To understand how artificial intelligence is impacting marketing, it’s useful to first get a clear picture of what artificial intelligence looks like in marketing.
The truth is that AI influences our decisions many times throughout the day and we never notice it. When we search for “wrangler,” AI decides whether we are referring to the cowboy, the jeans or the Jeep. When we shop on a site and get suggestions for similar items, those suggestions are powered by AI.
When we talk about using AI in display and native, we’re talking about bringing together signals that we can collect from first-party, second-party, and third-party data. AI is the technology that layers these data signals on top of each other -- in a split second -- to deliver the right ad to the right person.
First-party data includes things like website visits, time on a page, purchase history, geography and any other elements you are collecting from customers. Second-party data is data that you may not have directly collected from customers, but is available to you through a relationship with a partner or publisher.
For example, in-market audiences from Microsoft Advertising, or similar/lookalike audience. Third-party data includes things like financial understanding from a credit reporting agency, or vehicle registration from government records.
AI does what a marketer was never fast enough to do
Now a marketer can use AI to quickly sort through the massive first-, second-, and third-party data sets to produce a meaningful target, and then deliver a meaningful message.
In the example above, AI might determine that the searcher is ready to buy a Jeep Wrangler based on multiple visits to the Jeep website, a household income that aligns with the cost of a Jeep Wrangler, and a vehicle registration that shows this searcher has a 20-year-old car. With this rich information, AI will decide to deliver a display ad that offers a rebate on car purchases in the next week. All this happens in a fraction of a second.
As display makes the shift from a complete placement buy (I want my ad on this site) to programmatic (I want my ad to show up on this site, and show to people who have searched for my product before), to a complete audience-based buy (I want to reach women who have been researching Jeep Wranglers for at least two months, who live in Colorado, shop at Whole Foods and REI and have a full time job), we will see massive savings for advertisers.
AI helps eliminate wasted media spend
While simplifying the overly complicated field of display advertising, AI also ensures more relevance for customers.
At a time when many people are distrusting advertising and marketing platforms, using customer data intelligently and for their benefit is key. This is how we create a credible path for AI in marketing, while simultaneously avoiding the waste that is common when we lack data that can point us to the right customer at the right moment.
A highly relevant ad is the holy grail of marketing because it is more likely to generate customer engagement. Using AI means relevance is automated, and this is how we eliminate wasted ad spend.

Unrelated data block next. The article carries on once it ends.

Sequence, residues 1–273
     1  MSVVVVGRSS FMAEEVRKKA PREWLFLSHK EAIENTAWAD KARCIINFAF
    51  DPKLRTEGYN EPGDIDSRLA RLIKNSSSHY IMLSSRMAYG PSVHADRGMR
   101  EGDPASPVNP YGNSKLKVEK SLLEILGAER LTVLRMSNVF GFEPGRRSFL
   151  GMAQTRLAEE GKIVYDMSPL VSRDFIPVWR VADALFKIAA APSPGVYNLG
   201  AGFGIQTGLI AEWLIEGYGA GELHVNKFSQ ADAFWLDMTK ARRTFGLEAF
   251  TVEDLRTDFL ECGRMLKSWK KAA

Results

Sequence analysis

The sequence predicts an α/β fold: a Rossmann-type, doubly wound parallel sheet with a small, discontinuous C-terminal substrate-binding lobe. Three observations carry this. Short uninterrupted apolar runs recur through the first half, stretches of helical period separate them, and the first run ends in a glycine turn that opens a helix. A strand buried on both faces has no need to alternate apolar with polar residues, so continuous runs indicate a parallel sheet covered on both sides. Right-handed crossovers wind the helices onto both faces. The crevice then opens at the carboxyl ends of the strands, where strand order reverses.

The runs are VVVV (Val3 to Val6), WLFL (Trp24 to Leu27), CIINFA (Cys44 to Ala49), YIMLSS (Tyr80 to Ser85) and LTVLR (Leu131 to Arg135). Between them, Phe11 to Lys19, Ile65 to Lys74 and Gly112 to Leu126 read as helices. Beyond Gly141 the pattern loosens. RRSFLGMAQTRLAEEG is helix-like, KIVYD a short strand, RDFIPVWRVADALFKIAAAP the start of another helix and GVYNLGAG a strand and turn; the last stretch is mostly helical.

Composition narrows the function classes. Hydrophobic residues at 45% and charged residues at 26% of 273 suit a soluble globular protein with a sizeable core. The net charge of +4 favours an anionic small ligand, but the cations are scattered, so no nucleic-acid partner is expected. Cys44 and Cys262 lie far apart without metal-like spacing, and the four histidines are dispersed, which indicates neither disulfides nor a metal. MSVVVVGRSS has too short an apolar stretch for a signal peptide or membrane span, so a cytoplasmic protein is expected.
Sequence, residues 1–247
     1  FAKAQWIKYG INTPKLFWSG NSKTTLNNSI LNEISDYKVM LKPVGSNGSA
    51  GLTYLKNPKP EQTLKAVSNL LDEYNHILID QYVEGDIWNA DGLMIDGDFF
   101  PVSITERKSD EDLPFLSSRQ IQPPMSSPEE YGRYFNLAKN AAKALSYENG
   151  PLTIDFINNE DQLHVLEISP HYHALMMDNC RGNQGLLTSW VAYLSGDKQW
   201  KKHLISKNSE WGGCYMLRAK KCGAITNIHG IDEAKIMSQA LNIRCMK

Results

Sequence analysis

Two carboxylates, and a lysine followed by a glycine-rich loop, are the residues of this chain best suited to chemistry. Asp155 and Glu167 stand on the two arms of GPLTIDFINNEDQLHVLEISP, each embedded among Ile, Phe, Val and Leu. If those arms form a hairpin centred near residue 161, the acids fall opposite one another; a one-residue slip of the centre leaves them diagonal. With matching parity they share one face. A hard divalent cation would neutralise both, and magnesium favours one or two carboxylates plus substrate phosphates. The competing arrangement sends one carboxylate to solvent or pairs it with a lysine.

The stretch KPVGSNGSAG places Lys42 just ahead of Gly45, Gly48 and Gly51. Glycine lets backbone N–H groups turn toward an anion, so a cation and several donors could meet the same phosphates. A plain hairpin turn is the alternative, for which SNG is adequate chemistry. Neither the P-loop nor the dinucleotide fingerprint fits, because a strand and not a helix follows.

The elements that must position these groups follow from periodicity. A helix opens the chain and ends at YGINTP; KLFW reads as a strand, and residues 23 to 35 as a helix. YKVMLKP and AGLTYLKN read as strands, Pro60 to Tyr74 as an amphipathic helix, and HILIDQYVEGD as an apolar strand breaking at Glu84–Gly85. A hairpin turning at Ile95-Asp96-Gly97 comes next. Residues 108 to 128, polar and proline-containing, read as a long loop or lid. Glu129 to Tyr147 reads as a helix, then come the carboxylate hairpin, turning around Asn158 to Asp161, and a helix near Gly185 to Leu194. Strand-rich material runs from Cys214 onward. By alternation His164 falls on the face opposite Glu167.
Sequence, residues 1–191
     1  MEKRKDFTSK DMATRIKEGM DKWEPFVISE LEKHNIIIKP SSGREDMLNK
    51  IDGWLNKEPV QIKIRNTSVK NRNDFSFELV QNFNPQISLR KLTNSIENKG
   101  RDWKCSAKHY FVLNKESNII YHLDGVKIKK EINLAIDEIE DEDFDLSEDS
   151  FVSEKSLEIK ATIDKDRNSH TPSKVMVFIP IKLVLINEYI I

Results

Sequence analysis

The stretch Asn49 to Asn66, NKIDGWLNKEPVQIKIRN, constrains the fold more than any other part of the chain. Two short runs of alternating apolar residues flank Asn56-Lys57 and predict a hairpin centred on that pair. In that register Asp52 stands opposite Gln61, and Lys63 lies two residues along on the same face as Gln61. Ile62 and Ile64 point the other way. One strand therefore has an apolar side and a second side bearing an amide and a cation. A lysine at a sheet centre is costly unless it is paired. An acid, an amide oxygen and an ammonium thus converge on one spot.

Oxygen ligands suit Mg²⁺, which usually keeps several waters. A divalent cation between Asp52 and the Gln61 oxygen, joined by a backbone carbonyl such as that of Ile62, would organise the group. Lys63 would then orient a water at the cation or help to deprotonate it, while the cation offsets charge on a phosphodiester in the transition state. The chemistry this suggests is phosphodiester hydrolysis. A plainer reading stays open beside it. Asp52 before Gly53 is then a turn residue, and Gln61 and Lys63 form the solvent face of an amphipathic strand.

AI is only as smart as the signals you train it on
Now that we understand what powers AI in marketing -- it’s your data signals -- we can step back and ask some important questions about those signals. Which signals matter most?
Ideally, your signals will span your customer’s entire day, from first log-in to browsing the news to searches for Spring Break airfare to work-related online activity.
Microsoft Audience Network is one of the few platforms that covers this much ground, combining decades of learnings with plenty of first and second-party data. For examples, the Microsoft Graph can pull in real-time browser activity, search activity and work-related activity via LinkedIn.
With this single platform, you’re gathering the richest signals across a broad span of the consumer journey.
If you’re not using the Microsoft Audience Network, look closely at data that can fill in some of the gaps. For example, association memberships or business license data can get you closer to that incredibly valuable work-time data signal.
AI that’s fresh is best
Finally, when you’re evaluating how you’re using AI to power your display and native advertising, keep in mind that AI is a lot like spinach: Fresh is best.
If your first-party data is outdated, your results won’t be what you’re hoping for. It's the same for any third-party data that you use as well.
The consumer journey is varied and winding, and having accurate signals from your customer can mean the difference between showing up with the right message (“$2500 cash rebate on Wrangler purchases made by June 30”) at the right time (customer has visited Wrangler website four times in the last six weeks) and showing up with the wrong message (“$2500 cash rebate on Wrangler purchases made by June 30”) at the wrong time (customer searched for Wrangler jeans).
The only way to get it right is to have the freshest data at every moment.